The EU home affairs commissioner said Turkey should stick to a 2016 deal that would see Ankara take back failed asylum seekers from Greek islands. EU officials are set to travel to Turkey for talks next week.
EU officials told the Turkish government on Monday that it must "urgently" resume accepting migrants from Greece, where thousands are being held in camps
The bloc struck a deal with Ankara in 2016 that it would take back asylum seekers from Greek islands who had their applications rejected.
But tensions have flared between EU members Greece and Cyprus over a decades-old maritime dispute with Turkey.
"I call on Turkey to urgently resume the return of migrants from Greece," said EU Home Affairs Commissioner Ylva Johansson during a visit to the island of Lesbos, which hosts more than 8,000 asylum seekers.
Her comments come as diplomats announced that top EU politicians Ursula von der Leyen and Charles Michel would hold talks with Turkish President Recep Tayyip Erdogan next week over migration and other regional issues.
The European Commission president and European Council head held a video call with Erdogan earlier this month.
But Turkey, an EU candidate country, has not held formal summit with the two EU chiefs since March 2020, when Erdogan met Michel and von der Leyen in Ankara.
The Turkish government last week said it had pulled out of a convention protecting women from violence, sparking furious criticism from human rights activists.
The European Commission, the EU executive, on Monday pledged 276 million euros ($326 million) of EU money for new camps on the islands of Lesbos, Chios, Samos, Kos and Leros.
NGOs estimate there are nearly 14,000 migrants being hosted there.
Greece's Migration Minister Notis Mitarachi echoed Johansson's call, urging Ankara to accept 1,450 migrants whose asylum applications had been rejected.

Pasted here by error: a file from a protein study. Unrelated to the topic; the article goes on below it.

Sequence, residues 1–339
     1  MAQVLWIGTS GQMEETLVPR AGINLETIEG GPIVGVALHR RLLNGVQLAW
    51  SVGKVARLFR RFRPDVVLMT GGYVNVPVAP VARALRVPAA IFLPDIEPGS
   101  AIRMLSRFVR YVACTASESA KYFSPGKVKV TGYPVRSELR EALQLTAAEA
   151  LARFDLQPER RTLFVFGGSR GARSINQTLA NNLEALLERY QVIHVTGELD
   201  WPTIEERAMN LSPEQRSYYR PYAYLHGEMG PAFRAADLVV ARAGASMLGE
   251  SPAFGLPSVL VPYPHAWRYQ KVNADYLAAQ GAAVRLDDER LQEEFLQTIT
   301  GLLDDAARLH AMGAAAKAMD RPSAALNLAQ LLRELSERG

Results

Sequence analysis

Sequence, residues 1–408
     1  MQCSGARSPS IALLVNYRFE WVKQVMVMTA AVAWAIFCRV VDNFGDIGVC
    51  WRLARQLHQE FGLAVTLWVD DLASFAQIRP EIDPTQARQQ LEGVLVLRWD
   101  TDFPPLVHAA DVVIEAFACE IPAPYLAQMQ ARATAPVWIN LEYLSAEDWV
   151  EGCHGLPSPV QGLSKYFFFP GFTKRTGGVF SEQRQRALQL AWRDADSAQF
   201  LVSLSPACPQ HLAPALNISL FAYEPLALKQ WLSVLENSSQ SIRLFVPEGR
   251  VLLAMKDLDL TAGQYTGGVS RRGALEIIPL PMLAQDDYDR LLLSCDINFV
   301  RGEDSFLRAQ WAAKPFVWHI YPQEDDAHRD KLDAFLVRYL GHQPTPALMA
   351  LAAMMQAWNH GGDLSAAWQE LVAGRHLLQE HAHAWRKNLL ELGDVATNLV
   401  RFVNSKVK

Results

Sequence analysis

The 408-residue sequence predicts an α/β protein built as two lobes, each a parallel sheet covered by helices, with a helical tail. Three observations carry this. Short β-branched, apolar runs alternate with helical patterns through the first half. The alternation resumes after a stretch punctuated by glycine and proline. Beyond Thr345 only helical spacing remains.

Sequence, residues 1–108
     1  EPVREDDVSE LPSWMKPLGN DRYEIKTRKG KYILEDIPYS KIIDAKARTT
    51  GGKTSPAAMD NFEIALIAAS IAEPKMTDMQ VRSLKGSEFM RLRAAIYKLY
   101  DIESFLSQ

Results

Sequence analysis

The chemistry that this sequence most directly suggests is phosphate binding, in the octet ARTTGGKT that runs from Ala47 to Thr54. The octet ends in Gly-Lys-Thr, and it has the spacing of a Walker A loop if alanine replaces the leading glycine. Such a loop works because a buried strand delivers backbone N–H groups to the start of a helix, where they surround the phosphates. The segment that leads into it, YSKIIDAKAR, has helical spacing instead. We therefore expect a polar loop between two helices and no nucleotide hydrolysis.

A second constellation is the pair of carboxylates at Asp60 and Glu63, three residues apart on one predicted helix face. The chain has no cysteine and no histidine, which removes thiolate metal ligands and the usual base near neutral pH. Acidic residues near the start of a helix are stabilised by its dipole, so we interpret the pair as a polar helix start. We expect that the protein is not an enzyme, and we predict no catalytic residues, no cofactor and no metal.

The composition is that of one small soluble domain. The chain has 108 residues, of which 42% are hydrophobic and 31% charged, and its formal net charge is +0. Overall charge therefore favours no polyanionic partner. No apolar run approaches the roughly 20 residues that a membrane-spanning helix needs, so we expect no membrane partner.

He has said new migrant camps are being built to host migrant populations, with one in Samos to completed by June and others in Kos and Leros by September.
The Greek government, led by conservative Prime Minister Kyriakos Mitsotakis since 2019, has moved to toughen up its migration policy over the past two years.
Some 300 local people demonstrated against the planned Lesbos camp, in a protest called by Governor Costas Moutzouris.
"The islanders will not allow the construction of permanent camps on Greek and European borders," he said in a statement.
Moutzouris had also whipped up opposition to the new camp last year. An attempt by the government to force ahead with construction work had prompted days of riots and clashes with riot police.
Mitarachi dismissed claims that the Greek government was involved in illegal pushbacks of migrants.
"We strongly deny that the Greek coast guard has ever been involved in pushbacks," he said.
"We understand we are causing a loss of tens of millions of euros to smuggling networks, and that could have played a role in the kind of fake news we hear about the Greek coast guard," he said.
Mitarachi said independent investigations, including by the Greek judiciary and by the EU's border agency Frontex, had found no violations of international law.
However, Johansson said that Greece "can do more" to investigate alleged pushbacks.
"There are some specific cases that I really think need to be looked into closely," the EU commissioner said, adding that she was "very concerned" by relevant reports by the UN refugee agency.
"We need to protect our external borders and we need to protect fundamental rights, that goes hand in hand, it’s not a contradiction," she said.
jf/msh (AFP, dpa, Reuters)